Peter Jackson urges New Zealand to be flexible with location filming incentives
Filmmaker Peter Jackson has urged the New Zealand Government to be flexible with location filming incentives in the coming years. He stressed that the hobbit trilogy came very close to being filmed in the UK partly because of a high-profile actors’ union dispute in 2010.
Warner Brothers did a comprehensive location scout throughout the UK, Jackson revealed in an interview with Radio New Zealand. In the end, however, the union dispute was settled and New Zealand made further financial and even legal concessions to appease the studio.
Jackson told the outlet: "[The studio] had sent a location scout around England and Scotland to take photos, and they literally had the script broken down into each scene ... There were pictures of the Scottish Highlands and forests in England and this and that; it was to convince us that we could easily just go over there and shoot the film."
The hobbit trilogy has received nearly NZD70 million in formal tax rebates. Jackson believes that being open to future incentive changes will be an important part of keeping the country globally competitive. His comments echo those of fellow filmmaker James Cameron, whose Avatar sequels will film partly in New Zealand.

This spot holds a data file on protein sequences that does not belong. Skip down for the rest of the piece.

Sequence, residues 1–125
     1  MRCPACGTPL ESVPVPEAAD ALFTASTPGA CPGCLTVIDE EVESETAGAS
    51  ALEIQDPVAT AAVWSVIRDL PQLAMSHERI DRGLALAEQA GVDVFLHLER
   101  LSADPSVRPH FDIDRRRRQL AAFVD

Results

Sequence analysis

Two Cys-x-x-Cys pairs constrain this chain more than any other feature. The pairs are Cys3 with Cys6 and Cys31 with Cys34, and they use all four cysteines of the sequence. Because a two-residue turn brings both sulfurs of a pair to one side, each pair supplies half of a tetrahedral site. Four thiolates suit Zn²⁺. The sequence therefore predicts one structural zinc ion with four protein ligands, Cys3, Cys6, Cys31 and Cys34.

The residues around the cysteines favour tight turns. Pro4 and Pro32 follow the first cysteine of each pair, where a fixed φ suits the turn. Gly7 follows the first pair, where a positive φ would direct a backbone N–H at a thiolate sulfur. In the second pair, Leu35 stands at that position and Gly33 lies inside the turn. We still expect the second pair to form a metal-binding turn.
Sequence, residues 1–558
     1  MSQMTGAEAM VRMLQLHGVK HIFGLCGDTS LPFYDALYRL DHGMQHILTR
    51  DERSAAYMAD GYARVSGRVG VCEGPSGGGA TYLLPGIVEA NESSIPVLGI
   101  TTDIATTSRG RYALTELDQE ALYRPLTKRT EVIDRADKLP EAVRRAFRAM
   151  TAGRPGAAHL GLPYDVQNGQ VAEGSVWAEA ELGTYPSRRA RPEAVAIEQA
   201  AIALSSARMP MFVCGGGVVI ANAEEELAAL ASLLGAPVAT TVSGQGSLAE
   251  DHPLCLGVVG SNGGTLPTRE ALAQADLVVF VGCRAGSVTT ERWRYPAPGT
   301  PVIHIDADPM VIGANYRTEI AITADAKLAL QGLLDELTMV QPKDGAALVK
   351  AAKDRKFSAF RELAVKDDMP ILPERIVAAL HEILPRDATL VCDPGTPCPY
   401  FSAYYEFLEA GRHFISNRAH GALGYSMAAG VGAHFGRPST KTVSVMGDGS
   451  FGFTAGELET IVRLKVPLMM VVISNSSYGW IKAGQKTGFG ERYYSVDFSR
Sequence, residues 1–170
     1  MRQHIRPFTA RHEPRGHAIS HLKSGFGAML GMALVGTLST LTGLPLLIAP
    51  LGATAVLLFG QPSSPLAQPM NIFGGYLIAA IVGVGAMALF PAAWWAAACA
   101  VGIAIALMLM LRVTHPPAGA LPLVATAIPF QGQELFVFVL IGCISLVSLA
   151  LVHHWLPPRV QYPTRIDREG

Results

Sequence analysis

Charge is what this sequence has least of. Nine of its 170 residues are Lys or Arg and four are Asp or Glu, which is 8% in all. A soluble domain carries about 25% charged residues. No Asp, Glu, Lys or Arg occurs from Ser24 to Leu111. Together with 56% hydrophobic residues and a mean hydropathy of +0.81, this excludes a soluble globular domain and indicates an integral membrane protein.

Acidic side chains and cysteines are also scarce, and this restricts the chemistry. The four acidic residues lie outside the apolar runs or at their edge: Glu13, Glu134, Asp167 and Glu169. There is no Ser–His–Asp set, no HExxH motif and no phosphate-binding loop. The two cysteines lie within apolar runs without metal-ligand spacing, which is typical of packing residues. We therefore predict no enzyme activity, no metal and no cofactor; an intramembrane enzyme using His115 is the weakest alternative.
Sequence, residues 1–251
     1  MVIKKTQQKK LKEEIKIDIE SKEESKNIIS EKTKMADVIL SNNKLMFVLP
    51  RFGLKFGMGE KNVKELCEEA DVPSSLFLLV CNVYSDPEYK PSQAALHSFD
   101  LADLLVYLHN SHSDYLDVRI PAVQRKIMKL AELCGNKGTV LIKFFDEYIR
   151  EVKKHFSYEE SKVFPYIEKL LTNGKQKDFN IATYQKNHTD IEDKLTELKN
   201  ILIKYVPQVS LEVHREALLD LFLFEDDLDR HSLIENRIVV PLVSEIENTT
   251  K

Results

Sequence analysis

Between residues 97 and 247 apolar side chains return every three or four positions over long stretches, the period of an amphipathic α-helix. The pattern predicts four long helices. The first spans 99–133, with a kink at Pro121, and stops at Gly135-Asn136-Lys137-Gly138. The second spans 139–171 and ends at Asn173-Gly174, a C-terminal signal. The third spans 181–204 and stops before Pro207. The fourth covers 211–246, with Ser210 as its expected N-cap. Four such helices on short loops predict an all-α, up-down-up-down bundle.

[The studio] had sent a location scout around England and Scotland to take photos, and they literally had the script broken down into each scene.
John Key, New Zealand’s Prime Minister, was more cautious on the subject when he spoke to the outlet: “You can always have a race to the biggest incentive, but actually we've got to back ourselves on the quality of people we have, the flexibility of our crews, the nature of our scenery and the capacity for us to produce world-class movies. I don't think getting into some bidding war would help us.”
(Hobbit stills: James Fisher/Warner Brothers/MGM Pictures)
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